“I found myself unburdening to Stephanie Moore, the nutritional therapist at Grayshott spa and herself a compulsive runner, who recommended a mini trampoline. A Rolls-Royce of a rebounder, built by a German company called bellicon to your specifications.
Two months in, I’m up to about 25 minutes every other day. I face a (wide-open) window on to my garden. It’s almost like being outside, but unlike the resistance you feel when your foot hits tarmac, the sensation you get with bouncing is elongating and opening. You feel your core strengthening, your pelvic floor tightening. Between this, yoga, TRX suspension training and Pilates, I’ve ditched the painkillers and moved on from podcasts to pounding music. I’ve found my new high.“
When you jump on a rebounder, you are working against constant gravitational pressure. Every time you land, every cell in your body contracts, which helps to pull waste from the cells. In return, your cells are fed oxygen and nutrients from the blood stream. The up and down motion of rebounding also activates the lymphatic system, which is the garbage can in the body.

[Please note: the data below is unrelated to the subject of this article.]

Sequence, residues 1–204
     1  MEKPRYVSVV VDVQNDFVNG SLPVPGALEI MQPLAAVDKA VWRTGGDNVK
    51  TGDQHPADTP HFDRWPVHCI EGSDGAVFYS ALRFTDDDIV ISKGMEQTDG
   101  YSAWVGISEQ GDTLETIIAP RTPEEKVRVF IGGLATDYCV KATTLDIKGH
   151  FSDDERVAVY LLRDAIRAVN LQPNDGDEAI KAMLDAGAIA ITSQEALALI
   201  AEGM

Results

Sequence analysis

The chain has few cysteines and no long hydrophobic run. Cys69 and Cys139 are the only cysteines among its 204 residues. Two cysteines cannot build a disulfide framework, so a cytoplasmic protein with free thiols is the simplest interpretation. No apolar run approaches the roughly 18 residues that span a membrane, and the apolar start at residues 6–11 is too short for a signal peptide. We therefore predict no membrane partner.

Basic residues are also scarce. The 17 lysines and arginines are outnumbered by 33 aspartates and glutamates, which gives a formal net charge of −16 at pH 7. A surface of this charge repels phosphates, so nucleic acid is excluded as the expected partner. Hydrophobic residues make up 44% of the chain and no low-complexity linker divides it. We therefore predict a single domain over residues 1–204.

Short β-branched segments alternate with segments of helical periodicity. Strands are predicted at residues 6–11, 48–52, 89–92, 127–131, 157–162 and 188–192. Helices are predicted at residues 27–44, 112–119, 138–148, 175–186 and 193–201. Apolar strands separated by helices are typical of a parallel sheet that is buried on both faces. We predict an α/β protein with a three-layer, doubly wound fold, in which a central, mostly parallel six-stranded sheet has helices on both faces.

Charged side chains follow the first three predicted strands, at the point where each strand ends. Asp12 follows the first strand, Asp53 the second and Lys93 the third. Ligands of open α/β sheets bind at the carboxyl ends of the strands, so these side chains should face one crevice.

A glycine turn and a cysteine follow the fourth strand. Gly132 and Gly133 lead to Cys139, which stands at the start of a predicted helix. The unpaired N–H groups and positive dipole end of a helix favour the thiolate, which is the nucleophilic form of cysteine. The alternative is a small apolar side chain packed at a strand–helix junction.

Everything that is bad for you, such as heavy metals and other toxins get filtered out through the lymphatic system. Unlike blood that gets pumped by the heart, your lymphatic system has no pump. The lymphatic system requires movement to activate the flow of lymph…
Certified Lymphologist Dave Scrivens explains that while rebounding, we experience a moment of G-force which strengthens every cell in our bodies, brings a major increase to lymph flow, and boosts some immune activities by up to 500%.
We’re all about rebounding for 2015. Not only is it great for a quick workout and to get the blood flow going between bouts on Instagram and Pinterest, but it makes us feel equal parts smug (for being so in the know about wellness and mitochondria) and toddler-like (for all that straight-faced bouncing.) These emotions cancel each other out for a pretty chill workout.